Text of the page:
1. Joe Goddard of Hot Chip has a new EP coming out on Your Army titled Taking Over. It’s just a damn good house record, much like Gabriel before it. Goddard has always had a great ear for melodies, and the new EP is no exception.

    In “Step Together,” the bright, cascading synths and the uniquely muted piano combine for an unusually pretty song. Joe’s voice is, as always, smooth as your favorite creamy peanut butter and/or Nutella. It’s just an all-around fun track that proves at least one of the guys from Hot Chip has still got it.

    Listen to the full EP here.

     

  2. Air France is wonderful. Something about their vague sample-balearic dream pop sound is simply magical. I feel like there’s no better way to put it.The sources of the samples they use are misty, much like the Avalanches. The overall sound is quite like so many other Swedish pop bands (The Tough Alliance, The Embassy, et. all). But those two elements together create something so amazing that it still sounds fresh, new, and unparalleled five years later.

    "Collapsing at Your Doorstep" is something of a nostalgia trip for me, since I discovered my love for Swedish music right around when it was released. Some of the most sentimental times of my life occurred while this EP was playing. I lived a dream with this music, and I’m only barely exaggerating. 

    The best part is that Air France cultivated that sort of amazing nostalgia with every song they released. The music was form-fitted for living in a dream.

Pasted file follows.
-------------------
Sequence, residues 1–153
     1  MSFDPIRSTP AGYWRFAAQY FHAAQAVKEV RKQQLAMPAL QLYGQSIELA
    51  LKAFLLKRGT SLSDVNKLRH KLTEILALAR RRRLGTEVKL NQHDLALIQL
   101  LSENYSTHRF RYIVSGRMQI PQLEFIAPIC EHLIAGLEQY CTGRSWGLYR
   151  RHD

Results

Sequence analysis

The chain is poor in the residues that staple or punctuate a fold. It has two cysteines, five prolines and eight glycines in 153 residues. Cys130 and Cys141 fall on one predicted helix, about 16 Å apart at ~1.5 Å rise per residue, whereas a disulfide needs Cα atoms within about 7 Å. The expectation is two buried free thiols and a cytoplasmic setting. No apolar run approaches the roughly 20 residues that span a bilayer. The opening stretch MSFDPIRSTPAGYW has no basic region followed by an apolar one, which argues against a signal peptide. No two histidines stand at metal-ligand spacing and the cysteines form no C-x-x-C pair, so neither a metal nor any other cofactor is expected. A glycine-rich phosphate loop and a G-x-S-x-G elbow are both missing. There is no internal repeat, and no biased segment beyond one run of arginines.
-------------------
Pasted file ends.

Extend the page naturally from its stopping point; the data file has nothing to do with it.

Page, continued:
It’s magical.

     

  3. Oh, Daft Punk. I am certain that I have very little to say about this album that hasn’t already been said. That said, I’m still totally going to talk about it.

    It’s interesting to note that the artists who dislike this album are artists who have, stylistically, changed very little over the years. Modeselektor found the album’s live instruments and lack of synths to be dull. It all sounds a bit hypocritical coming from them, though, since they rarely stray from their particular brand of synthy, bassy IDM. And, don’t get me wrong, I love their music. But they haven’t tried anything new or groundbreaking in quite some time.

    On the other hand, Diplo enjoyed the album. I cannot stand Diplo as a person or a music producer, but the points he makes about the album ring true for me. And, unlike Modeselektor, Diplo changes his style weekly. He used to do electro-hip-hop. He dabbled in moombahton for a bit there. He’s now gotten into the garbage EDM/brostep scene, but you can’t fault him for not trying new things. And he loved the album.

    I’m not trying to prove anything here (since with two examples I couldn’t prove anything anyway), but I think it’s an interesting correlation. It’s fascinating how polarizing this release has been.

    In any case, I really enjoyed it. A few of the songs drag on a bit, but overall it sounds like a breath of fresh air. The live drums give it a sense of openness. “Giorgio by Moroder,” with its out-of-nowhere turns, is definitely a highlight. The synth line that goes through the song really makes it. The two songs with Pharrell Williams are surprisingly fun. “Contact” is simply a brilliant and bombastic ending to an already impressive album. And the NASA sample is pretty neat.

    The one track I was looking forward to most was “Doin’ it Right” with Panda Bear (listen to it above). I absolutely love Animal Collective, so seeing worlds collide like this was going to be interesting whether the song was a flop or not. And it turned out to be the best song on the album. Not only is it the most Daft Punk-y song there, but Noah Lennox’s vocals simply sound brilliant next to those vocoders.

    I should mention that I’m not a huge Daft Punk fan. I like the random song here or there, but I’m not sure I’ve ever listened to one of their albums straight through. This one, though, is just fascinating. It has its low points like any Daft Punk album, but it’s stylistically so sound that it’s just a great listen. I can’t really explain why I enjoy it so much. Will it be heralded as their greatest album? Probably not. But it might make us take a closer look at electronica and, maybe, send the genre in a bit of a different direction.